He served faithfully, continuing to preach the restored gospel and build up the Church. When the Quorum of the Twelve left on their group mission to England in 1839, Orson was assigned to open the gospel in Scotland. He determined to do a great work in the great cultural center and Scottish capital of Edinburgh, praying for two hundred souls to be converted. He worked there for nine months, preaching in the streets seven times every Sabbath, and publishing the first of his many missionary tracts—Interesting Account of Several Remarkable Visions—a document that in many ways foreshadowed Joseph Smith’s Wentworth letter. It contained the first printed account of the First Vision, told the story of the Book of Mormon coming forth (based on Oliver Cowdery’s account of those events), and one of the first sketches of the doctrine of the Church, which foreshadowed the Articles of Faith. Work went slowly at first, but by the time he left, the Edinburgh conference numbered 226 members, just above the number he had prayed for. (ibid. 66-71.)
He was selected by Brigham Young to be the mission president of the British mission in October 1840 and administered there for six months before returning to Nauvoo. Upon his return, he stepped right into one of the worst times of his life.
By the time Orson returned from Britain, Joseph Smith had formally taken at least one plural wife, Louisa Bearman…. It is difficult to ascertain how much or little Orson knew of this in 1841…. One man who was fully aware of the Prophet’s polygamy doctrine was Mayor John C. Bennett. During the absence of the Twelve, Bennett had been made associate president of the Church and was very much in Joseph’s confidence. Bennett had led a checkered moral life, with an abandoned family somewhere in Ohio, and had been expelled from the Ohio Masons for improper behavior. Upon his arrival in Nauvoo he taught free love privately to at least one impressionable Nauvoo woman….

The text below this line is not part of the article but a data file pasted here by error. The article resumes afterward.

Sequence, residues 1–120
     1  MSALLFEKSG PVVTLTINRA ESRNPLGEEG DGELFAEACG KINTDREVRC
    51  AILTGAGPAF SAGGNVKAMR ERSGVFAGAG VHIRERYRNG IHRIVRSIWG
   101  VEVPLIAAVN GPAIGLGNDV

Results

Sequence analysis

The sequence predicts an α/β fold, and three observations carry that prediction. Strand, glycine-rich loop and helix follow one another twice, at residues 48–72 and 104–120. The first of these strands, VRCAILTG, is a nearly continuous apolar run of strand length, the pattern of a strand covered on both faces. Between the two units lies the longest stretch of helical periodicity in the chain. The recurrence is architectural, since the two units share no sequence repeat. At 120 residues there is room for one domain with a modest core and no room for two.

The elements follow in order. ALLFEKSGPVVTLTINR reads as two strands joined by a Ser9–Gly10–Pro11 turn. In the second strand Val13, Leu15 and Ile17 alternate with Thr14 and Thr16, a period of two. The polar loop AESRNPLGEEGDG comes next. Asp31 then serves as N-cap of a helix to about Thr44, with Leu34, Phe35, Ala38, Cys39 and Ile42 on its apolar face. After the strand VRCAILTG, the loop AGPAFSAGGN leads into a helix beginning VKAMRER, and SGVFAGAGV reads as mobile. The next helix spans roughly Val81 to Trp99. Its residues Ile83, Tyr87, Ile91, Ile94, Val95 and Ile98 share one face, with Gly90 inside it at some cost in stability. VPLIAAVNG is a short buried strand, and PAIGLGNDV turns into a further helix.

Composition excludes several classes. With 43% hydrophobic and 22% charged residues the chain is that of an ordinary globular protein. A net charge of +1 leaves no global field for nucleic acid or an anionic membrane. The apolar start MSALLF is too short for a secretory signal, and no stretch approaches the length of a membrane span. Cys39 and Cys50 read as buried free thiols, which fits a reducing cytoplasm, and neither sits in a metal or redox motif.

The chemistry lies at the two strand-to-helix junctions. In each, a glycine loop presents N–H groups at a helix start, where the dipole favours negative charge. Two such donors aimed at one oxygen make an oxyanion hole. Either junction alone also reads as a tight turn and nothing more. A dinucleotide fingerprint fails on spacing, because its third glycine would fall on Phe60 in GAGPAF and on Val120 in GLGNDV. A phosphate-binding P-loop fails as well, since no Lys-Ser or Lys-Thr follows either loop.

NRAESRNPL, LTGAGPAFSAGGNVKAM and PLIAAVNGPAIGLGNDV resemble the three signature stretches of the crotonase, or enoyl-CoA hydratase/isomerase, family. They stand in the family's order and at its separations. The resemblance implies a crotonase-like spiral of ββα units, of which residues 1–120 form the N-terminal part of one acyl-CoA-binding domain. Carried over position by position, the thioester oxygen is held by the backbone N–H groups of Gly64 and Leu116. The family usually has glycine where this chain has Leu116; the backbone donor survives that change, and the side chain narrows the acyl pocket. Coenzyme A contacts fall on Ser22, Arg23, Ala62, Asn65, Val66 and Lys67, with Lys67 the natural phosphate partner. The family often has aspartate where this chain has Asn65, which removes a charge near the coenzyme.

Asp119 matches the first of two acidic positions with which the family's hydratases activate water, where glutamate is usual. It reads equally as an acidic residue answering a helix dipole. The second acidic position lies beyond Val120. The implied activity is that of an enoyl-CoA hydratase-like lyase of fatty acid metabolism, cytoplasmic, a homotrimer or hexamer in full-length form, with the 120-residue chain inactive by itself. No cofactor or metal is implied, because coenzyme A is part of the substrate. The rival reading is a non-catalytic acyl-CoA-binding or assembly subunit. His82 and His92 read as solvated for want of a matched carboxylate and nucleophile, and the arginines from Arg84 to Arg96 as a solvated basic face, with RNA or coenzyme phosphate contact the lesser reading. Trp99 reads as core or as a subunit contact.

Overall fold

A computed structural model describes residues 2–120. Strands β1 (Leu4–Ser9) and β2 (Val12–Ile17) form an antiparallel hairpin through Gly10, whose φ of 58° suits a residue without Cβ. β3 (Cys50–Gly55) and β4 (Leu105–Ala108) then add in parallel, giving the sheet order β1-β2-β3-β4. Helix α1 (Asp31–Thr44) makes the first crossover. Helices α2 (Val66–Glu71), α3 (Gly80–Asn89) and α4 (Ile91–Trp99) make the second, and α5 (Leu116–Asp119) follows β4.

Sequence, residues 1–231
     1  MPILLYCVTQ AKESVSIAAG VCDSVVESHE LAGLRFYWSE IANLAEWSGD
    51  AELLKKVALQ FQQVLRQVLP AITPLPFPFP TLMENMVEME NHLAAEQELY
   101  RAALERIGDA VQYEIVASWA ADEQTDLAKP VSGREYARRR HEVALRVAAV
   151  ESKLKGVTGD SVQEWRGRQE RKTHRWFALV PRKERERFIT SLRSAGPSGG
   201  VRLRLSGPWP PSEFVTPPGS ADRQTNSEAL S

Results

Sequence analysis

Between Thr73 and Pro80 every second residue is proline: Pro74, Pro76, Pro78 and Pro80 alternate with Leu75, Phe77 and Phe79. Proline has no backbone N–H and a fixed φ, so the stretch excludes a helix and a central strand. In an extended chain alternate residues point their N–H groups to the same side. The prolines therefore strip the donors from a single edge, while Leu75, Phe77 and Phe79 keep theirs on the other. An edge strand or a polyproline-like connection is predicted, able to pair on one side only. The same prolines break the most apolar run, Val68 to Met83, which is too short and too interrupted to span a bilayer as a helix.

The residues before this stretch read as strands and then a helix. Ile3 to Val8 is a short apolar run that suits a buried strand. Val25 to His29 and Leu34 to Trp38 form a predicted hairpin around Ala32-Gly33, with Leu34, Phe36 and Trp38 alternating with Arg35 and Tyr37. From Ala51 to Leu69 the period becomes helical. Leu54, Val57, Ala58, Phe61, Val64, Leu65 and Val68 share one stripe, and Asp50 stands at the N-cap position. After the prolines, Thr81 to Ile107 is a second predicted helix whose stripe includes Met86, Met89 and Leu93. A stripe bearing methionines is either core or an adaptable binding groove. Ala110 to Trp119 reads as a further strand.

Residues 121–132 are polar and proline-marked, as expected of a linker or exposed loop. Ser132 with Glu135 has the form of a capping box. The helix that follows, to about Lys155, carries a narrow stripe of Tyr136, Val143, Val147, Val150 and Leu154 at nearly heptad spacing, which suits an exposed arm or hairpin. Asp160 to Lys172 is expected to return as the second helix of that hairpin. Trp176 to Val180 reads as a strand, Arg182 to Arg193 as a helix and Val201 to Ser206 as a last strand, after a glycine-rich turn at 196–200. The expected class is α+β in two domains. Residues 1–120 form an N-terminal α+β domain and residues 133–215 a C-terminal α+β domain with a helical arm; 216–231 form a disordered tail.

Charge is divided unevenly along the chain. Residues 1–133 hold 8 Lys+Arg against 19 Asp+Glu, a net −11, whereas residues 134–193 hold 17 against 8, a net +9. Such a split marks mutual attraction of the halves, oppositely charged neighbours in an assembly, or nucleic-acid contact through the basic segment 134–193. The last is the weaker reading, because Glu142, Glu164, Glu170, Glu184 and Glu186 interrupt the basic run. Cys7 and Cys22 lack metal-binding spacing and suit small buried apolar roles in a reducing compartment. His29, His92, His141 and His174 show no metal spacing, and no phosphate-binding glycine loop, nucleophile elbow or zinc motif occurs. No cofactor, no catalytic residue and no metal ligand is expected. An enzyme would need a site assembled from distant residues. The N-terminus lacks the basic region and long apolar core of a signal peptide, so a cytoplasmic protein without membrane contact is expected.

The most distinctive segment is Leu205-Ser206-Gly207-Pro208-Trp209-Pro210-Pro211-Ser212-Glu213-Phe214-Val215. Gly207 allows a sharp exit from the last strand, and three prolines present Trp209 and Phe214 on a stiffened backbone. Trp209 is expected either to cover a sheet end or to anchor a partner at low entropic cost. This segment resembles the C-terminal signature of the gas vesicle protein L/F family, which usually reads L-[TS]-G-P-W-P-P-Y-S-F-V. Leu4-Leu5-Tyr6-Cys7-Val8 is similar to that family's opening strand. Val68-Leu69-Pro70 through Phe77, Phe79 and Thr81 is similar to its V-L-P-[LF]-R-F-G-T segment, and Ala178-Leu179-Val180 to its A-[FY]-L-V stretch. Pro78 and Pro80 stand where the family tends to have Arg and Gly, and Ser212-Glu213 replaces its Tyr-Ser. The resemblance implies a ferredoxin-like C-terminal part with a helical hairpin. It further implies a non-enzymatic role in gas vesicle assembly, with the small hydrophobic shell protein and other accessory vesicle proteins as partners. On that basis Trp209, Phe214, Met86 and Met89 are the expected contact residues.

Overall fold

“Joseph Smith’s doctrine of plural marriage and Bennett’s counterfeit version were thus taught simultaneously and in secret at Nauvoo.” (ibid. 76-77.) This created some interesting and unfortunate results. Orson’s wife, Sarah Marinda Pratt was one of those victimized. John C. Bennett and Sarah both claimed that Joseph approached her, claiming that “the Lord has given you to me as one of my spiritual wives. I have the blessings of Jacob granted me, as he granted holy men of old, and I have long looked upon you with favor, and hope you will not deny me.” Bennett claimed that Sarah responded: “I have one good husband and that is enough for me.” (ibid. 77) According to their accounts, Sarah was enraged, but in the spring of 1842 Joseph renewed his attempts and even kissed her. Orson arrived home and was told this account of Joseph seeking his wife.
Enraged, Orson approached Joseph and to never insult his wife in that manner again. Joseph then related his side of the story: he was innocent, and John C. Bennett had been Sarah’s lover. It became known that John had seduced several women around town and Joseph announced that he would be disfellowshipped. Orson refused to believe Joseph, preferring to side with his wife, and refused to sanction the disfellowshipment. From that time in May 1842, Orson was “out of harmony” with his quorum. He had gone from a zealous missionary to a rebellious soul.